Gary Berntsen, a retired CIA agent from Port Jefferson, scored an upset victory at the state Republican Convention Tuesday, winning the most support of four candidates seeking to challenge Democratic incumbent Sen. Charles Schumer.

Berntsen received 43.16 percent of the convention delegate votes on the first ballot, followed by political consultant Jay Townsend with 37.6 percent; Nassau County Comptroller George Maragos, 18 percent; and Jim Staudenraus, a small-business owner from Shelter Island, 0.83 percent.

In the second ballot, Berntsen's tally jumped to 62 percent as Nassau delegates switched from Maragos. The Townsend vote was virtually unchanged, though he qualified to mount a primary challenge to Berntsen in September.

The pair is virtually unknown statewide, and polls show Schumer, first elected in 1998, with a commanding lead. The U.S. Senate nomination came on the first day of the three-day GOP convention in midtown Manhattan.

The tea party movement upstate and on Long Island powered Berntsen's candidacy. Suffolk Republicans backed him after he dropped out of the crowded field seeking to unseat Rep. Tim Bishop (D-Southampton).

"America stands at a crossroads. We have many threats," Berntsen told the 450 delegates last night. "I will do everything in my power to defend and protect our future."

Berntsen's career in counterintelligence, particularly fighting terrorists in Afghanistan and East Africa, appealed to the convention. Every time his name was mentioned about 50 tea party supporters stood, clapped, whistled and waved signs.

Townsend sought to remind delegates that no Republican has won statewide office since 1974 without backing from the Conservative Party. He received the Conservative nomination last Friday in the same hotel where the GOP convention is being held.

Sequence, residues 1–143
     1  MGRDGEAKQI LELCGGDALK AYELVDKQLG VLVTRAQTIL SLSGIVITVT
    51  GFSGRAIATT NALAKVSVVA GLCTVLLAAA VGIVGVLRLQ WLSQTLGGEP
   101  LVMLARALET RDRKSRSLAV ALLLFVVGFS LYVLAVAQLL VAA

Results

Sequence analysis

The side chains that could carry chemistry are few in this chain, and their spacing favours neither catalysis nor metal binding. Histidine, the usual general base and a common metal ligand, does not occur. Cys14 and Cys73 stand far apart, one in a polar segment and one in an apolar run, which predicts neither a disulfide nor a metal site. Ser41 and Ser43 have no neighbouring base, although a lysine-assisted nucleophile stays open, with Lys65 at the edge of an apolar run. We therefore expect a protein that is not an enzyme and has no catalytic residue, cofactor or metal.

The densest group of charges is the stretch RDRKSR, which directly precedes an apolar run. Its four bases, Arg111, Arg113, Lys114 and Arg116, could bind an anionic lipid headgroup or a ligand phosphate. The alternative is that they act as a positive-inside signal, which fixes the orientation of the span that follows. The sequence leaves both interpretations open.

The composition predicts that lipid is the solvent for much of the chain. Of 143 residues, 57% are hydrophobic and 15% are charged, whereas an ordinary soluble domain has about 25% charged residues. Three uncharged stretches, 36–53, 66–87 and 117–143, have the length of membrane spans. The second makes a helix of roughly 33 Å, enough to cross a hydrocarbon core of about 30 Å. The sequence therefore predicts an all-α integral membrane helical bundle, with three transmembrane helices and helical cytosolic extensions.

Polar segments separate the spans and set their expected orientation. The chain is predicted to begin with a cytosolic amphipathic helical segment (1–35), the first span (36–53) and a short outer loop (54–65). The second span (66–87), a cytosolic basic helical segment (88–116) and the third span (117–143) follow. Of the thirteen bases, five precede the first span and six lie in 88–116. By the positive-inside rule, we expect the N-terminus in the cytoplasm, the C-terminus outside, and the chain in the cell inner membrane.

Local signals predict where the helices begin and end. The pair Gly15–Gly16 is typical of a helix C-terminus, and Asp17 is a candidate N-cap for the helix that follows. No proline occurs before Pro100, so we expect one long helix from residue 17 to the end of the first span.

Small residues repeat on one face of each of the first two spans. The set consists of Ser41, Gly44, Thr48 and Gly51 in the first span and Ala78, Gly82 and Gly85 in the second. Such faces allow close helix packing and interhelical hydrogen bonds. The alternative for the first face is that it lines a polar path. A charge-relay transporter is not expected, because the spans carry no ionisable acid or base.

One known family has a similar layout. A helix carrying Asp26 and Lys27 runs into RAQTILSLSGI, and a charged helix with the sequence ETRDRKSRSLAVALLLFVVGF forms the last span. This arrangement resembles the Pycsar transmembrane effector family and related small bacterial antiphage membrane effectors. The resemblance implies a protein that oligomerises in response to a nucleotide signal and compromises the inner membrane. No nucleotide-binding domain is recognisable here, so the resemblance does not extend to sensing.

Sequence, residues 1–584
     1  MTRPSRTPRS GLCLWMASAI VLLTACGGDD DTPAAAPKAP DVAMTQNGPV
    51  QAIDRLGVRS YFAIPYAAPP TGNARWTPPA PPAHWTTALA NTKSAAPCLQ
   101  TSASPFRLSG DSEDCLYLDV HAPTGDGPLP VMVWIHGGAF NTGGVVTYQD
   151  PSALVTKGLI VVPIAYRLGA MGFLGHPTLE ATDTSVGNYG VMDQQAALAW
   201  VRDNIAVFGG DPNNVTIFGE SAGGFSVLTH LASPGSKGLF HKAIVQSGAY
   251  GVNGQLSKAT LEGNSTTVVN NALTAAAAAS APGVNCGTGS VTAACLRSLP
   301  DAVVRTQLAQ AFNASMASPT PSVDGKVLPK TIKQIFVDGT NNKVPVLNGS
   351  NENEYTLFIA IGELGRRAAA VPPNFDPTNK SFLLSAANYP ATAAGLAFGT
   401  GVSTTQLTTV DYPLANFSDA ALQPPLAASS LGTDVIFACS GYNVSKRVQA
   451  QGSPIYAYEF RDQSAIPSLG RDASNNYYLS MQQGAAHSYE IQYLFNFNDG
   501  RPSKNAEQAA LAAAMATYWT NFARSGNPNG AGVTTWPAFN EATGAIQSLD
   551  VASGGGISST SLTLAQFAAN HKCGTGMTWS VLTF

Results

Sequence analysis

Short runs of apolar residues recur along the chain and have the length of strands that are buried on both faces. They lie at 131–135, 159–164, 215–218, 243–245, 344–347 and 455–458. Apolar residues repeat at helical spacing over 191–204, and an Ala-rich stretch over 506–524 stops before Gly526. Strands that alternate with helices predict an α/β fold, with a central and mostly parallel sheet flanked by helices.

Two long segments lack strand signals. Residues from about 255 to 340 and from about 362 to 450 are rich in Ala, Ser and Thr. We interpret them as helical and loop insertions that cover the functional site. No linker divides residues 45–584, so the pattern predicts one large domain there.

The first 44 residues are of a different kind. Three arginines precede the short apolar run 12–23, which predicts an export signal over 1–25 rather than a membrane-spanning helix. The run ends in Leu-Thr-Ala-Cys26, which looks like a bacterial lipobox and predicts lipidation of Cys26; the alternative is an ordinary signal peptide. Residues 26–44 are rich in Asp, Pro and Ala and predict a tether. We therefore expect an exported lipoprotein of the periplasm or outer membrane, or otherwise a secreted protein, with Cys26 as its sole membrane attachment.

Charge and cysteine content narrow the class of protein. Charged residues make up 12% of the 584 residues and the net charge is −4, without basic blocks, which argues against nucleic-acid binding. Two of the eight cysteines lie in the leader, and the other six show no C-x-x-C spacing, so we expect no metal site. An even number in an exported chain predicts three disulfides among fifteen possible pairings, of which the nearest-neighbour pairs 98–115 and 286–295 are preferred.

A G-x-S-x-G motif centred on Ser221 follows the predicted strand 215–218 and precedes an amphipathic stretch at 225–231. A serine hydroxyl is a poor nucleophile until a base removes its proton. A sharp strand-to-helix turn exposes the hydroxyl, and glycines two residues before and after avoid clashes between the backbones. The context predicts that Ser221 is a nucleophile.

Townsend criticized the federal health care law, saying it would bankrupt the states. "It's not right for our nation, and it's not right for New York," he said to polite applause.

Earlier, former hedge fund manager Harry Wilson was nominated by acclamation for state comptroller. The Scarsdale resident is challenging incumbent Democrat Thomas DiNapoli of Great Neck.

"Our man-made disaster in Albany is driving people out of this state," Wilson said, vowing to roll back increases in taxes and government regulation.

A son of Greek immigrants who settled in upstate Johnstown, Wilson compared New York's fiscal crisis to General Motors Corp.'s bankruptcy. He worked on the presidential task force that helped bail out GM, which recently has shown signs of recovery.

Wilson criticized DiNapoli's selection by the State Legislature in February 2007 after the resignation of disgraced Comptroller Alan Hevesi. "You cannot be independent from the very people who handed you your job on the Shelly Silver platter," Wilson said, referring to Assembly Speaker Sheldon Silver (D-Manhattan). DiNapoli was an assemblyman for 21 years.

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